Certainly, the personnel selected by our new First Minister suggests that quality is more elusive than quantity. When “the return of Angela Constance” is the headline, and this is followed by the recall of a politician previously debarred for bigoted remarks against just about every minority available to be mocked, then the omens are not promising.
Some job descriptions are also a bit strange. “Transport” was dropped from Cabinet Secretary status. “Tourism”, which is Scotland’s biggest employer, did not even rank a place in a junior ministerial title. Maybe the Greens have decided tourism is a Bad Thing. Look out!
The straightforward “Economy” has been replaced by “the Well-being Economy”. I think I know what “the economy” means and we are all in favour of “well-being”. Putting the two together is either virtue-signalling Green-speak or else a pernicious abdication of responsibility. Is every form of economic activity in Scotland, every potential inward investment, every opportunity to create or protect employment to be measured against a hierarchy of values decreed by a cabal which has been licensed to define our collective “well-being”?
There is a live example of how this works – the Scottish Government’s pursuit of highly protected marine areas has provoked despair and disbelief in coastal communities. Kate Forbes condemned it as “an example of how not to do government” but the Greens hold the veto and Humza Yousaf bought into it. What next?
For most people, “well-being” depends on a decent income, a secure home and reliance on high-quality public services which underpin a clean, safe local environment. In the real world, that means decently funded councils, an efficient NHS and a vibrant economy that is needed to pay for them.
Pretentious titles are no substitute. The environment and transition to renewable energy present economic opportunities which, to date, have been largely squandered; 20,000 jobs instead of the promised 120,000. So why not just do things better to support “well-being” instead of relying on meaningless jargon?
There is much talk in the Yousaf context of failure being rewarded. He’s not the only one. An appointment that borders on the satirical is Jenny Gilruth’s elevation to Cabinet Secretary for Education and Skills, in recognition of her glittering previous career as transport minister.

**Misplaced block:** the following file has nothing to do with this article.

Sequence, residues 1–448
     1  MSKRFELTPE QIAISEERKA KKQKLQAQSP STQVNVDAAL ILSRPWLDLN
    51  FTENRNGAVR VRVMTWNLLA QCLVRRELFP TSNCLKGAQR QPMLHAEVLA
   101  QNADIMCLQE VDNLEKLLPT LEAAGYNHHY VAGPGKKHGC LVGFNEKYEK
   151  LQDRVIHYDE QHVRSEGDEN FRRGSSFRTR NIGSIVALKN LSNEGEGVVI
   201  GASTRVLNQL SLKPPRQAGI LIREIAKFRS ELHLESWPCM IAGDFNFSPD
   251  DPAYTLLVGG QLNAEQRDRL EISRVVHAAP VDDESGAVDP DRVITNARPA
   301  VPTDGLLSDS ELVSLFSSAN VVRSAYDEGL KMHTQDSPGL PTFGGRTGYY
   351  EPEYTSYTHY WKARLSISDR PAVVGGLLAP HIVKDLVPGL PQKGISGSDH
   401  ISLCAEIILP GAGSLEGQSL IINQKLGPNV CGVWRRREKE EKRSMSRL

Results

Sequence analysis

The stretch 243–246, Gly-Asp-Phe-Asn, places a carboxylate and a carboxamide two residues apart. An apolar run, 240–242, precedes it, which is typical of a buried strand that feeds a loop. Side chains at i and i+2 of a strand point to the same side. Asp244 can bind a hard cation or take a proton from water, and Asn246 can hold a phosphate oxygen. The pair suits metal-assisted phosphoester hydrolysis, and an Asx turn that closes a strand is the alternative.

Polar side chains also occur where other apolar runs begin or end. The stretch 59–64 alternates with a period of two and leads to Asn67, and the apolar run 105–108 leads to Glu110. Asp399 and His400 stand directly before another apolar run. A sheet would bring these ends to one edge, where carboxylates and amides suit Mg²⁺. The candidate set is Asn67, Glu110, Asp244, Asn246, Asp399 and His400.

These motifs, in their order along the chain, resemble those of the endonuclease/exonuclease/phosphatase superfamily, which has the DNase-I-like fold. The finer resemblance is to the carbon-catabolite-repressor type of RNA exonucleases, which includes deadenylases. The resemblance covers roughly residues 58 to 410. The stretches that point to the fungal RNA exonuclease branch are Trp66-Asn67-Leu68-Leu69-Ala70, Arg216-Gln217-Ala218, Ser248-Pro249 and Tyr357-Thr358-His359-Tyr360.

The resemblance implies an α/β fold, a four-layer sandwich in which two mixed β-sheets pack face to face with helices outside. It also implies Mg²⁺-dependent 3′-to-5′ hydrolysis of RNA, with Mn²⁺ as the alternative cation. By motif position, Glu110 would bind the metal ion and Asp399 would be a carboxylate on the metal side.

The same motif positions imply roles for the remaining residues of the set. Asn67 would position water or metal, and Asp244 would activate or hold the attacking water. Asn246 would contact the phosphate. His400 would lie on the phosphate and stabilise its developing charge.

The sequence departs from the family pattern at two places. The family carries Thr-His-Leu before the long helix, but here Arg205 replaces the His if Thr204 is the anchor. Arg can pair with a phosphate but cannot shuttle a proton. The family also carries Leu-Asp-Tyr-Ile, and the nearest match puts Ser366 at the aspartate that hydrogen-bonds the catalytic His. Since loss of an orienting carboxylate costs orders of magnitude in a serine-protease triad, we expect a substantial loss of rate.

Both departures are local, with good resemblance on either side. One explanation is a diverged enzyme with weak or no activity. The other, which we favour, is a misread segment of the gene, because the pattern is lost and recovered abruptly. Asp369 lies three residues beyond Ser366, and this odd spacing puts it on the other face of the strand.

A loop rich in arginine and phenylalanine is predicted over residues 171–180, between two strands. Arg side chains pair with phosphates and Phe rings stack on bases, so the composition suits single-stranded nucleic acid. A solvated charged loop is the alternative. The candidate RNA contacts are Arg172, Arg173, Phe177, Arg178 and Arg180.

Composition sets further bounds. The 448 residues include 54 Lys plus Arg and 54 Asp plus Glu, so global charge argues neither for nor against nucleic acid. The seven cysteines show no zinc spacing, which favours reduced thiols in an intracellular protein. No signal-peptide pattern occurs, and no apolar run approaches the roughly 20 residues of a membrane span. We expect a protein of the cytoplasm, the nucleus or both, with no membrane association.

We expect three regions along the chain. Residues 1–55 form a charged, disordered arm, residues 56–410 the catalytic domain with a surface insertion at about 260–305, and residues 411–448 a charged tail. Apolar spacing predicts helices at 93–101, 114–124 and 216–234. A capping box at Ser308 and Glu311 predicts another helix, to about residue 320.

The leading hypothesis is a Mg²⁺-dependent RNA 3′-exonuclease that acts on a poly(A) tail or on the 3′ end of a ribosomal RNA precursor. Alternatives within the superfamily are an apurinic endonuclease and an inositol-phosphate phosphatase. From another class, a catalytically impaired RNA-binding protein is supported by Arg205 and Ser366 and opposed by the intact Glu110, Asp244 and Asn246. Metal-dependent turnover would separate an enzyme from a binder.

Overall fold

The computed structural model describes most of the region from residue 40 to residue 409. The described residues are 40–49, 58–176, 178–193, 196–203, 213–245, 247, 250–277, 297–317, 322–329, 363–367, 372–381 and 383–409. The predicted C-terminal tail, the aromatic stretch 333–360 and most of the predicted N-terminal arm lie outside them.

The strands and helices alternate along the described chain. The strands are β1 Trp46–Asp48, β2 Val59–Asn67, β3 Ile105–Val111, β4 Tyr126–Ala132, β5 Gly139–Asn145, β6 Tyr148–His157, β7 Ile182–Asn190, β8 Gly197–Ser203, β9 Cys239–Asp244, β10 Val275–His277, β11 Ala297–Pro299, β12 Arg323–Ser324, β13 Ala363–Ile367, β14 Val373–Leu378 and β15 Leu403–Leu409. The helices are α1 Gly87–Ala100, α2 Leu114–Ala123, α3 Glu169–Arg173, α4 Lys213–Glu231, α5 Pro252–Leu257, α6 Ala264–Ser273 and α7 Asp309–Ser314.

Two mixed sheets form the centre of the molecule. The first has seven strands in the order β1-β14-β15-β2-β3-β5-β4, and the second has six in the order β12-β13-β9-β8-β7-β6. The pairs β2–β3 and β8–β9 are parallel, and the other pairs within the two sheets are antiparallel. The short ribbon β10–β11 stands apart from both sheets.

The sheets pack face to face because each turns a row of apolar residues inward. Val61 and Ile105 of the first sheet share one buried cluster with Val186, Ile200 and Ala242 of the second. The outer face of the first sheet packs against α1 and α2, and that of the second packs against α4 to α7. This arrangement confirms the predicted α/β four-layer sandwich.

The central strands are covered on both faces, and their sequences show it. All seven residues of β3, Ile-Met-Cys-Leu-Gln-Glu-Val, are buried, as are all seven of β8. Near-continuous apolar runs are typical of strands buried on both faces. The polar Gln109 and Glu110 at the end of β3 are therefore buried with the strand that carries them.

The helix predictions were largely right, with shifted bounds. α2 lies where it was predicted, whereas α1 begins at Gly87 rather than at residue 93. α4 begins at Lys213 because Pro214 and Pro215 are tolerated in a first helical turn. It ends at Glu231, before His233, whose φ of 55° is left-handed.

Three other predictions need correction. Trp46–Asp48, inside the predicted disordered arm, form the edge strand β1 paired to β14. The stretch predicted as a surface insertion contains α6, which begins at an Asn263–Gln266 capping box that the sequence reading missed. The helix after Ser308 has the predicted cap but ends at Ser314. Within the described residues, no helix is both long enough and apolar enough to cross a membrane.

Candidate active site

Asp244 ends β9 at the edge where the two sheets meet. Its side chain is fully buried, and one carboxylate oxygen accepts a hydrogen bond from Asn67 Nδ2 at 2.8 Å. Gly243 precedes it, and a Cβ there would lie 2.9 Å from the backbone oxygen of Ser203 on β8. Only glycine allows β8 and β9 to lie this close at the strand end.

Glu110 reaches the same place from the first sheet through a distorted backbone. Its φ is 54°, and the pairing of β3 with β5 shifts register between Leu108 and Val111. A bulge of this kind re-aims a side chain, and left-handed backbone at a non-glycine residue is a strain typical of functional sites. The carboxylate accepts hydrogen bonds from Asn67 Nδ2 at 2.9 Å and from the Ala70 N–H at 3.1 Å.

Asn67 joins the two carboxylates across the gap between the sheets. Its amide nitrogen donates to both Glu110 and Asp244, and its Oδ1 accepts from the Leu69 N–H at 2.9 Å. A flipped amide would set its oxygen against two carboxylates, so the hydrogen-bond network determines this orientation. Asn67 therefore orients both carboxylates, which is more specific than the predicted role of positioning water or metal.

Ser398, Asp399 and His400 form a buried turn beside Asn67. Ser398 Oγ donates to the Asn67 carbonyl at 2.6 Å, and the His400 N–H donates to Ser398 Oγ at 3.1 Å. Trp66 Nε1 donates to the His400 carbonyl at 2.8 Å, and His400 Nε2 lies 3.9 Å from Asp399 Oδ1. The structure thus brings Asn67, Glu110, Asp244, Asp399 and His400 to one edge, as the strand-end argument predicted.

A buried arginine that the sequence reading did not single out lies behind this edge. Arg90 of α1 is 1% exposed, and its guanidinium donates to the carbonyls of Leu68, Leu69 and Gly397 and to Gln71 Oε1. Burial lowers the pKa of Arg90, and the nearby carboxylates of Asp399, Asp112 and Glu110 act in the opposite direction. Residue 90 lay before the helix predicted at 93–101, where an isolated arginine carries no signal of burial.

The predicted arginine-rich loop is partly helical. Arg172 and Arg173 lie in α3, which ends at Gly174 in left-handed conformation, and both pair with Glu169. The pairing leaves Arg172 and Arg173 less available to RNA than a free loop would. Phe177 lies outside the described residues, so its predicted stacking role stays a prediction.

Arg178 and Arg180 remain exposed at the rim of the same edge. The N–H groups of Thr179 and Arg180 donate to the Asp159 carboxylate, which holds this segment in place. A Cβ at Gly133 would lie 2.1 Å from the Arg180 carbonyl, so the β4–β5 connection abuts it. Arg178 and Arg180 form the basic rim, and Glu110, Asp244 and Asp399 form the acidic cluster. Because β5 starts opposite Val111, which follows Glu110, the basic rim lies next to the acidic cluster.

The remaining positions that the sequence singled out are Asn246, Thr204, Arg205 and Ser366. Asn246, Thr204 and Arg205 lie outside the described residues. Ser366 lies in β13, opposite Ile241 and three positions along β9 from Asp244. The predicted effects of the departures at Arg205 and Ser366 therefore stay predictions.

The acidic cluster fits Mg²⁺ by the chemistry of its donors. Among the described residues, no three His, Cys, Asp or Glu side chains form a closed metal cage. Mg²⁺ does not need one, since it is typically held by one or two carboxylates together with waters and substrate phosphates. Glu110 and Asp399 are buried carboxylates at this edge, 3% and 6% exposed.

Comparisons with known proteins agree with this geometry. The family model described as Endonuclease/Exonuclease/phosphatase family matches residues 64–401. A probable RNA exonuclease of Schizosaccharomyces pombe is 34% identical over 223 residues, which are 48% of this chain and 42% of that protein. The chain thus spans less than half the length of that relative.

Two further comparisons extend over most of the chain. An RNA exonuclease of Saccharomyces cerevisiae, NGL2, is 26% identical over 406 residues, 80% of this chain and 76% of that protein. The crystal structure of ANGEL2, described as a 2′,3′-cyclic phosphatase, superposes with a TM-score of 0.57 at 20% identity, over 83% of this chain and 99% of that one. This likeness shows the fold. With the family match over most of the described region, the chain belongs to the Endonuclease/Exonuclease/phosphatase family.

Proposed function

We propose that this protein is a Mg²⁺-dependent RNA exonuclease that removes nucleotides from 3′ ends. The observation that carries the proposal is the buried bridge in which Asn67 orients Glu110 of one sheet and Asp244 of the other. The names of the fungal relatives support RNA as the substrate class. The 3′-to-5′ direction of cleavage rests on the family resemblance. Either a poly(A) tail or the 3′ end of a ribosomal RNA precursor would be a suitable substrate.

This happened on a day the collapse of west coast ferry services reached its nadir (though in this saga there’s always worse to follow). Obviously, Ms Gilruth was a latecomer to the debacle who then proved utterly inept in addressing it. In short, she did what she was told by the civil servants – which was to stay clear and hope it went away, which it hasn’t. Why would she be different in education?
Yet again, the Aberdonian appointed to replace her is as far removed as possible from Transport Scotland’s most conspicuous area of failure. Another lump of putty in the hands of those who have so catastrophically failed the islands and, really, this is one area of the Scottish Government which should be broken up to start again.
Holyrood’s Public Audit Committee found Transport Scotland’s conduct throughout the ferries scandal a source of “serious concern”. Its oversight of the Ferguson project was “weak and toothless”. Evidence from its chief executive, Roy Brannen, which sought to exonerate ministers other than the departed Derek Mackay, was “firmly rejected”.
Then, the day after the committee reported, Transport Scotland handed over evidence it was asked for last November. For all this, Mr Brannen has now been appointed “director of net zero” within the Scottish Government which will doubtless come as great encouragement to those promoting “the Wellness Economy”.
As for the minister who mocked black people, Jews, disabled and transgender people, Gillian Martin, she was not a teenager at the time but in her 40s. The redemptive effects of being found out produced contrition and Mr Yousaf says she is “on a journey”. It still seems curious that her destination should be as a minister in the oh-so-progressive Scottish Government. Or maybe not. It’s all a bit odd.